It is no wonder that the shadow Chancellor left the No Turning Back group, as it was Baroness Thatcher who spelled out the Tory philosophy that one cannot spend what one does not have. Now, rather than belonging to the No Turning Back group, the right hon. Gentleman is out there offering cake and not charging for it. He is saying, "You can have something for nothing and tax cuts without service cuts."

Look at the nonsense that Conservative Members are offering as examples. They say that the Government are spending an extra £1.8 billion on bureaucracy, and that there is a surge in bureaucracy under Labour. The cash figure, however, is simply the inflation increases paid to people. The truth is that, in real terms, the cost of bureaucracy has decreased under Labour. What are Conservative Members going to do--cut people's pay? Are they going to cut the number of civil servants whom they could not be without when they were in government?

Industrial injuries benefit is another example. Conservative Members say that they want to cut tax on business, but what will they deliver? They are proposing to privatise industrial injuries benefit. Excuse me, but what does that mean, other than that businesses themselves will have to pay benefits that are currently paid for by the state?

Mr. James Clappison (Hertsmere): The hon. Gentleman is beginning to answer the question that I was going to ask him. He started by saying that Conservative Members would cut spending on health and education. Now, he is putting his own interpretation on the items that we propose cutting--such as bureaucracy and waste. However, my right hon. Friend the shadow Chancellor has clearly stated our commitment to spending on schools and hospitals.

Mr. Taylor: The hon. Gentleman's figures on so-called waste and bureaucracy are equivalent to the cost of 10 per cent. of all United Kingdom civil servants. I do not believe that Conservative Members could possibly make such a cut. The shadow Chancellor has gone even further, however, by saying that they would not make cuts in certain parts of the bureaucracy, such as the Home Office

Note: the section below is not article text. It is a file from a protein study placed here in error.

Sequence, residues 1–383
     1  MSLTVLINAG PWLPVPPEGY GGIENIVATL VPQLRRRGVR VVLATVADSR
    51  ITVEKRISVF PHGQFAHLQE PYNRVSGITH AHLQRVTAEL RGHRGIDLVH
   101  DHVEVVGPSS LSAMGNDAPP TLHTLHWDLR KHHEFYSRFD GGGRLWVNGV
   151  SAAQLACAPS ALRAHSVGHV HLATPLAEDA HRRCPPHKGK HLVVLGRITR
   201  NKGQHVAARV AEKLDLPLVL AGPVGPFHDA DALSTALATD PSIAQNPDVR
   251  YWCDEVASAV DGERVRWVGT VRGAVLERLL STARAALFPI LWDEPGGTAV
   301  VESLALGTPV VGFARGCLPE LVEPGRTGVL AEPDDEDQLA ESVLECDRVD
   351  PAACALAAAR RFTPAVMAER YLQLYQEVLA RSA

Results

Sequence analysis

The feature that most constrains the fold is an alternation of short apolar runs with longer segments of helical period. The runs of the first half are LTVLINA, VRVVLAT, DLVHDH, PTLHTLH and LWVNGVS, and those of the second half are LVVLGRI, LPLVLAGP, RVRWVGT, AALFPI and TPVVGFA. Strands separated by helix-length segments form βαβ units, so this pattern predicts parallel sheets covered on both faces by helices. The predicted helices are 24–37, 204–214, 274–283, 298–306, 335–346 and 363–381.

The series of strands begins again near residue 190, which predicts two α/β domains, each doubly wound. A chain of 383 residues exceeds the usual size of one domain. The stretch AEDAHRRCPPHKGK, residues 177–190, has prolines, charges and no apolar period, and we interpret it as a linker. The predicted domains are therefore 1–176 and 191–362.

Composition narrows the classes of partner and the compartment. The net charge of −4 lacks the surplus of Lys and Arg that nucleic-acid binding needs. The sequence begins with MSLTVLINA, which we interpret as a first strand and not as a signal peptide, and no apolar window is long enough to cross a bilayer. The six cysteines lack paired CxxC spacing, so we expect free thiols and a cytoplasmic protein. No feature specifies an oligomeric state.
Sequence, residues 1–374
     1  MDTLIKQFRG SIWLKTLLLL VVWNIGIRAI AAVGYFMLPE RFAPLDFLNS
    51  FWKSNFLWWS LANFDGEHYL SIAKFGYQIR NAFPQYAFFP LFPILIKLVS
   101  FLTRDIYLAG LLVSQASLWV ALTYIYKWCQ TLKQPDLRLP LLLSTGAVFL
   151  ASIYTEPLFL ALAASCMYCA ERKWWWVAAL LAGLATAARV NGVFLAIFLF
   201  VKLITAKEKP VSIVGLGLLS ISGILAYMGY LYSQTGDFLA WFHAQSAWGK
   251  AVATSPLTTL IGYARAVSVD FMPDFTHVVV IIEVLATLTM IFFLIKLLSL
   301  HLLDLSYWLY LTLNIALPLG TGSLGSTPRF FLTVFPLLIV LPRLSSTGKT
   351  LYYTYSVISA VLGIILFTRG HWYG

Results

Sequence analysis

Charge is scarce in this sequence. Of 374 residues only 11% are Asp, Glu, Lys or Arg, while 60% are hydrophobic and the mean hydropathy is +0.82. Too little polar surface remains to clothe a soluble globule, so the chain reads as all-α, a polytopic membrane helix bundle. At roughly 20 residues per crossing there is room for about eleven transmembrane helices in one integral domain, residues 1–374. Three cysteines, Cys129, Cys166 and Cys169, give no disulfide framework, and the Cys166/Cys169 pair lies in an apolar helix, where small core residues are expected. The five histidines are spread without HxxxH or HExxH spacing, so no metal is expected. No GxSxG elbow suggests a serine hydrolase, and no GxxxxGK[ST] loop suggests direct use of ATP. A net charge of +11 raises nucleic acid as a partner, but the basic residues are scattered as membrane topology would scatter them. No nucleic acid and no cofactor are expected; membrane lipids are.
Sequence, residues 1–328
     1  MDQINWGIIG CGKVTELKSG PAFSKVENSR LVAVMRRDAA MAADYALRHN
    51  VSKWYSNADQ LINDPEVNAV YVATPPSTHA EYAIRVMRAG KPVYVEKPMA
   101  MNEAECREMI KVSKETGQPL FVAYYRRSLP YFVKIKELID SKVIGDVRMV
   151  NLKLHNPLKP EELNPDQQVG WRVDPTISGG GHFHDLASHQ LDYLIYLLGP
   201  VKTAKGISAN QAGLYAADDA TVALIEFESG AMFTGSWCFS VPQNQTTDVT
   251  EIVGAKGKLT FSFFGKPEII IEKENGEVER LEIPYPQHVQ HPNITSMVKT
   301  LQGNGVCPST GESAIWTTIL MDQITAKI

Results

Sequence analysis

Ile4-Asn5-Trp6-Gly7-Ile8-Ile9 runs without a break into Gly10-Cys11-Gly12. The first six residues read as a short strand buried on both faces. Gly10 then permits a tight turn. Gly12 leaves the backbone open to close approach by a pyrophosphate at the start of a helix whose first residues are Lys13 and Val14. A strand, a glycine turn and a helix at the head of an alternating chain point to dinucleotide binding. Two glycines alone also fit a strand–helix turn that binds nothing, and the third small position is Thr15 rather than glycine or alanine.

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and social security, but increase them. Those parts of the bureaucracy account for 35 per cent. of the total spent on it. It seems, therefore, that the rest of the system will have to be cut far more.

Conservative Members' proposals are built on a fundamental error in their thinking. They think that spending has increased, whereas, in real terms, it has decreased. If they cannot understand the difference between nominal and real expenditure, they really do have to go back to school.

The list goes on. On each of the Conservatives' proposed cuts, their figures do not exist, add up or work. However, we do not have to take the Liberal Democrat or Labour view on the issue; we can take the shadow Chancellor's view. The first thing he did when announcing his £8 billion tax cut package was to admit that he does not have £3 billion of the package.

Lord Skidelsky--who was a member of the Conservatives' Front-Bench team, which he left because of a disagreement on foreign policy, not economics--is reported today by The Times as suggesting that £1 billion of the £5 billion that the shadow Chancellor claims to have come up with is "bogus". Moreover, that £1 billion is composed of savings on social security fraud. However, as that is exactly the same sum that they had found before the Government announced that they too were going to cut £1 billion in such fraud, presumably they have found another £1 billion that they had not noticed before. Lord Skidelsky called such cuts

The shadow Chancellor had the cheek to say that the Conservatives were going to increase pensions by £9.50. Half of that sum is composed of increases already announced by the Government--so there is no surprise there--and the rest comes from ending the winter fuel bonus, the free television licence, the Christmas bonus and other benefits. Although those benefits are large, combining them and adding them to the basic pension will not make pensioners any better off. Pensioners were not born yesterday. They know that they are not any better off if someone takes a pound from one of their hands and puts it in the other.

The country has a choice about levels of tax and spending. The Government have taken their choices. Liberal Democrat Members have made a different set of proposals which entail asking people on above-average incomes to pay a little more, to fund better education, health pensions. The Conservatives are trying to sell a bogus policy, claiming that taxes can be cut without a corresponding cut in services. It is fatuous and it does not add up. No wonder that every time the shadow Chancellor relaunches himself, he has to withdraw the policy that he announced the previous time.